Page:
Going from this task list to actually a finished thing is the problem. These tasks exist in an odd state of being as defined as possible, and still nebulous and open-ended. I try to keep these articles around 500–600 words, but that’s neither a minimum or a maximum, and the time it takes me to write those words can vary. There are days when even the best of us struggle to put down one good line of text on paper.

Obviously, the two failure points in this system, the disconnects on stuff getting in and stuff getting out, are really only one failure point: me.

I talk a big game about GTD in this essay, but I’m actually quite terrible at GTD. For example: I don’t do reviews. For a while, I had a Morning Review project that popped up every morning, but it wasn’t exactly great: check my tickler file [3], check my e-mail and add stuff to Things, check the projects in Things, and add tasks to my Today list. I have no Weekly Review. I have no Nightly Review. As it stands right now, I don’t even have a physical inbox, but I also don’t have much physical content to address.

The point of GTD reviews is to shake out the last parts of what is rattling in my head and formulate a plan of action for the week ahead. When I know what I have to do, I can do it. Like at my job. Every morning, I come in, sit down, and know exactly what has to be done, and how to do it. I’m also finding ways to improve my workflow there. There’s also the context shift that comes with going to work. When I’m there, I’m there to work, and they’re paying me for it. [4]

Making that context shift at home is going to be the tricky part—I’m not about to impugn upon my employers goodwill and start writing the novel in my down time at the office. This is going to involve more hard landscape stuff, working with timers and scheduled work periods. Something not dissimilar from when I was looking for work, and firewalling off time to search for jobs, only getting to dick around on the Internet when my work time was up. I accomplished that with a Safari extension. Perhaps I should look back into that.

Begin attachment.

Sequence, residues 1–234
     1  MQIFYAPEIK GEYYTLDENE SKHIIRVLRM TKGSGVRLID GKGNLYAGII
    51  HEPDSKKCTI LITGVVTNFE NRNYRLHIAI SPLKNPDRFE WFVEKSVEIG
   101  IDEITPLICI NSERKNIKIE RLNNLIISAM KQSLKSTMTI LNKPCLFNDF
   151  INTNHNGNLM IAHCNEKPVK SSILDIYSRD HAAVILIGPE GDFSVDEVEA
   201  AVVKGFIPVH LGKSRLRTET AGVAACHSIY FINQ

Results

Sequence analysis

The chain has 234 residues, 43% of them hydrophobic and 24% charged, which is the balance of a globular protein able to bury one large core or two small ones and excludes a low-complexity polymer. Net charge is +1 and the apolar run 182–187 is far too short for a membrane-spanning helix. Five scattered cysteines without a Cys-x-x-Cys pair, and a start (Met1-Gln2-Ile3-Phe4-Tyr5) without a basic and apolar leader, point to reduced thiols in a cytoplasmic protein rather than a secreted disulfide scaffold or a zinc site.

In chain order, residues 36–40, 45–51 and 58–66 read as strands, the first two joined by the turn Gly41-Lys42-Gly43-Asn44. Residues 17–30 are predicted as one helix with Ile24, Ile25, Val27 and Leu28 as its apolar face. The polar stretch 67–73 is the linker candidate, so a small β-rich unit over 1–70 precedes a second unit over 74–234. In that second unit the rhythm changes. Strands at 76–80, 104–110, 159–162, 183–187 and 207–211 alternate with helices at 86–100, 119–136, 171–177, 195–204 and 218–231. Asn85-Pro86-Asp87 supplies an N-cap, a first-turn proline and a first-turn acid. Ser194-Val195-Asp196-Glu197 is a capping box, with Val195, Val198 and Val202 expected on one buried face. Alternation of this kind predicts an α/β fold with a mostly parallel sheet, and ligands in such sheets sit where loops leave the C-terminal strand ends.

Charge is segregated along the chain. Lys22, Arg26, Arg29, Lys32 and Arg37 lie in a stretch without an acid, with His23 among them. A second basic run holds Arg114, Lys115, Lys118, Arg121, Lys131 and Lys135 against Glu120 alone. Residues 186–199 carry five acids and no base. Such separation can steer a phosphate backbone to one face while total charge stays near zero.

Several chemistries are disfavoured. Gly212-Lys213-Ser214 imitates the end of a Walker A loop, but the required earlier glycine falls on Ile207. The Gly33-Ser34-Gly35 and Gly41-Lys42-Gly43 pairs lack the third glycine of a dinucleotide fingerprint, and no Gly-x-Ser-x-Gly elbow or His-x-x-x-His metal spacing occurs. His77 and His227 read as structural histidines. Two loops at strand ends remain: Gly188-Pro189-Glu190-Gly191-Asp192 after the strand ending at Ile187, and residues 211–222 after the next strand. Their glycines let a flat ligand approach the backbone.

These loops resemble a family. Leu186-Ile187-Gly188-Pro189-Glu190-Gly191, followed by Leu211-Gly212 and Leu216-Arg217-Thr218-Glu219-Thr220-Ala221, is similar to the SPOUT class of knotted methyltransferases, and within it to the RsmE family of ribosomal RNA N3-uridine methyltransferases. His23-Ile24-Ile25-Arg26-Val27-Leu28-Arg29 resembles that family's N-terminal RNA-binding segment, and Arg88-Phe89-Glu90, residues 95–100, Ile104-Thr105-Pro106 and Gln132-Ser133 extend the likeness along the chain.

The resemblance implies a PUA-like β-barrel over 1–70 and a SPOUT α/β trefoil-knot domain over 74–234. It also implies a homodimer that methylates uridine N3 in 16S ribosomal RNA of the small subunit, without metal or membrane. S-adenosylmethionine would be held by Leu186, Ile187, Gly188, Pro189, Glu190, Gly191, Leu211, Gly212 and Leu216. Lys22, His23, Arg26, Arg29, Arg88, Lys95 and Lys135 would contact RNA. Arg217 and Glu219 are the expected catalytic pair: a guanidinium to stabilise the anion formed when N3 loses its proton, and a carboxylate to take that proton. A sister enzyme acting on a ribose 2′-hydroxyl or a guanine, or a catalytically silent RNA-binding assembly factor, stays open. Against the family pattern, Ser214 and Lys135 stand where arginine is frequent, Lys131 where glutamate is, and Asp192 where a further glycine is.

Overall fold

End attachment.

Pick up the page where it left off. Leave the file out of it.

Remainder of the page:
Knowing and doing are the foundation of actually getting things done. (Lowercase intentional.) They have to work together. One alone does not productivity make. I can know I have a review I need to write, and not do it. I can do a lot of writing, but if I don’t know what to write about, it’s not likely to go anywhere. I can also fix the metadata on my MP3 collection, but that’s still going to leave me in the same spot. I need both. Now I know.

  1. The novel isn’t at a state where I should be worrying about a physical product yet, and I’m not even sure I’m going to go for traditional publishing. These are concerns better suited for a finished product.  ↩

  2. In this case, it’s my part of an article for The Residents Project, an ongoing series of articles at Kittysneezes reviewing every album by The Residents. They have a lot of albums.  ↩

  3. Yes, I use an actual, physical tickler file, with all forty-three folders. I experimented for a while with a ten-folder setup: one for each day of the week, one for the next week, and one for everything after that, but it was more of a hassle to do it that way.  ↩

  4. The day after Hurricane Sandy passed through New York, and the subways weren’t running, I worked from home. One day of it was enough to swear me off of remote work forever. There’s too many distractions, and a I have a suboptimal home office environment.  ↩